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ghaith: i am always uncomfortable bringing in legal negotiations because i do not believe diplomats or lawyers are the most appropriate actors to define a narrative for the people. i am content. but a word on the arab peace initiative. it does not assume a refugee problem. it talks about "just and agreed." i was asked to highlight or identify the word "agreed." einat: both sides have a veto. ghaith: absolutely. that is the nature of any deal. but the way i understand the peace initiative is that it was not a substantive formula.
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it was made very loose in order not to pose a solution or to create a framework for other sides to agree on. to expect the arabs to put substantive solutions is not the actual objective. the objective was the palestinians, on one hand. you can make these concessions because we are within the agreed parameters. but you are not only going to get palestinians. there are many mistakes. it was perceived as all or nothing. but it shifted to an alternative negotiation framework. david: i am going to have to apologize. we have run overtime already.
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which is a sign of how interesting and provocative this discussion was, in a good way. i want to thank all of you for your interesting and important questions. i especially want to thank our panelists, einat wilf and ghaith al-omari. happy holidays and happy new year to all of you. [captions copyright national cable satellite corp. 2015] [captioning performed by the national captioning institute, which is responsible for its caption content and accuracy. visit ncicap.org] >> tonight a columnist and artist talks about her drawings of the israeli-palestinian conflict and guantanamo bay. she talks about video she's making on immigration detention centers. seen latercan be
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today starting at 7:00 a.m. eastern on c-span2. three days of featured programming this holiday weekend on c-span trade friday evening at 7:00 eastern, congressional republican leaders honoring former vice president dick cheney at the capital with the unveiling of a marble bust in emancipation hall. >> when the vice president had his critics going off the deep his wife,ked lynn, does it bug you when people refer to me a star theater? -- darth vader? she said no, it humanizes you. [laughter] [applause] saturday night at 8:30 eastern, an in-depth look at policing in minority communities. speakers include a st. louis former police officer, and a washington, d.c. police chief, cathy lanier. >> most people get defensive if they feel like you are being offensive.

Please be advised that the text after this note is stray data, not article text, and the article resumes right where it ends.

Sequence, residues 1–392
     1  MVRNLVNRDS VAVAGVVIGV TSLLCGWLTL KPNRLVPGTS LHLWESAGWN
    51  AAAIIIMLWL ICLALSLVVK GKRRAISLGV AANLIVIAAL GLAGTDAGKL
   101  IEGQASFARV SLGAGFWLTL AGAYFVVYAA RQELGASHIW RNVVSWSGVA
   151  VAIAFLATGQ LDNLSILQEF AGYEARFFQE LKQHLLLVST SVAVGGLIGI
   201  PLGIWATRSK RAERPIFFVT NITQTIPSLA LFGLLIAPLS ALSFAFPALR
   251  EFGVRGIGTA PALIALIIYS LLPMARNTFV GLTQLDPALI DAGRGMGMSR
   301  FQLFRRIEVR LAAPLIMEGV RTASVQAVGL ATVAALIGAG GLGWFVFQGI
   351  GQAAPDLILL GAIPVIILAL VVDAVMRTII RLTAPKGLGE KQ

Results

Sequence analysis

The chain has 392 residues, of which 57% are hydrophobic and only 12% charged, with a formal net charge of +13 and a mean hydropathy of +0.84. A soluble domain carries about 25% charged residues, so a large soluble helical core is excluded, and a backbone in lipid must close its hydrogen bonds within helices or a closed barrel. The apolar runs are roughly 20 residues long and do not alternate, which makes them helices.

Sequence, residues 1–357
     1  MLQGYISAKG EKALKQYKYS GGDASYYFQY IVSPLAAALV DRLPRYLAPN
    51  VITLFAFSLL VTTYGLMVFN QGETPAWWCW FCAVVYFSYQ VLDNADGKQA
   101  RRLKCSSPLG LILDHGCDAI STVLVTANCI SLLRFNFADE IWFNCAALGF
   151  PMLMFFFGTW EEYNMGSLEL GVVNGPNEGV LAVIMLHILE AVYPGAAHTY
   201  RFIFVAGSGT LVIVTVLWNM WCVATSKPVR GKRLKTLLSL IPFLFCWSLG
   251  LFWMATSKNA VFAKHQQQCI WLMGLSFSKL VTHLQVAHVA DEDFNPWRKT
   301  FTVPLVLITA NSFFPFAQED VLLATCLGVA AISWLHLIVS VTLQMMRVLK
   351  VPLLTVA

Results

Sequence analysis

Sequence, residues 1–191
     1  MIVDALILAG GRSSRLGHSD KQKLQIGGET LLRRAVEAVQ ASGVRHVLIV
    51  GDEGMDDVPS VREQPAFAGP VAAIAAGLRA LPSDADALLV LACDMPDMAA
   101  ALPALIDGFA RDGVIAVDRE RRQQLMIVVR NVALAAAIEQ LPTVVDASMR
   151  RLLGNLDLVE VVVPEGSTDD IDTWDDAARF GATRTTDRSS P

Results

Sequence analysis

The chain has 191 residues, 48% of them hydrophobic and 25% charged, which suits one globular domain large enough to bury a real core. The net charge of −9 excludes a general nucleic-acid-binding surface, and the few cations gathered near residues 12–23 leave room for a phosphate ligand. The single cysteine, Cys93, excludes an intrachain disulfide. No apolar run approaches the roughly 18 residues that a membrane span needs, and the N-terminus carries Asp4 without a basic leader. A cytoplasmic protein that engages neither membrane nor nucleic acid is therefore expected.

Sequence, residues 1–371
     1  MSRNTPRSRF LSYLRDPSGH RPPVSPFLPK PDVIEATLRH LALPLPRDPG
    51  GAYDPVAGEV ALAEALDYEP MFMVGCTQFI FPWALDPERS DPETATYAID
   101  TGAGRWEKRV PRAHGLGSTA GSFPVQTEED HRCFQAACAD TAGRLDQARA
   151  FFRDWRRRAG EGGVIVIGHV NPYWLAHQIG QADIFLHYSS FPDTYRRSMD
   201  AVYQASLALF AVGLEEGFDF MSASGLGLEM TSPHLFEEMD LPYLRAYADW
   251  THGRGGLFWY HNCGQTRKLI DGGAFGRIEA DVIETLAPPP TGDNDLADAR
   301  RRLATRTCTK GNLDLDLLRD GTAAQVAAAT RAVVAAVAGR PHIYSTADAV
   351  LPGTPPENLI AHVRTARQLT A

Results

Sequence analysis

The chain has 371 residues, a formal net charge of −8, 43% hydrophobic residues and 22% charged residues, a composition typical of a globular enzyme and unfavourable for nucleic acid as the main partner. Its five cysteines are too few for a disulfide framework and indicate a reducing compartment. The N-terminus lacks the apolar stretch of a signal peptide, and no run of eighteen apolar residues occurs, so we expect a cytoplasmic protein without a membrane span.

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being very respectful in encounters, and request if it's versusrisis, request demands, those things change the dynamic a little bit. >> sunday afternoon at 2:00, race and the criminal justice system with white house senior adviser valerie jarrett and others. portions of this year's washington ideas festival -- speakers include virginia senator mark warner, al gore, and author anne-marie slaughter. >> we've got to banish the word "he's helping" at home. helping is not actually taking the burden off of you. you are still figuring out what needs to be done and you are asking him to help. he is the assistant. if we're going to get to where we need to go, men do have to lead parents or fully equal coparents. >> for our complete schedule, go
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to www.c-span.org. we have more now on the middle east with a forum on the israeli-palestinian conflict. scholars and diplomats talked about what is needed to create stability and leading peace -- lasting peace in the middle east. , kindlys and gentlemen phones. your cell . good afternoon. director of the university center for terrorism
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studies. it is administered by the potomac institute for policy studies, international center for terrorism studies, as well as the inter-university center for legal studies at the inernational law institute, cooperation with many academic institutions, universities around the world, specifically i would like to mention the center for national security of the university of virginia school of law. on behalf of the potomac institute, welcome to you.
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tom o'leary is with us, and of course, general gray, the chairman of the board of regents , and the 29th commandant for the marine corps, and he joins us. as always, will have the best word. theny rate, let me welcome speakers. first, right here, professor left,ed dajani to my currently a fellow at the , and heon institute contributed a great deal to heerstand moderate islam,
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served as a professor of at aical science university in jerusalem, and he will make a presentation today, and obviously many of you are familiar with a very distinguished contribution and involvement of his family in jerusalem. we do have the information about the speakers, so i want to go speakerails, are the from the israeli embassy in washington, the deputy of azar, willreuven also participate. known to thell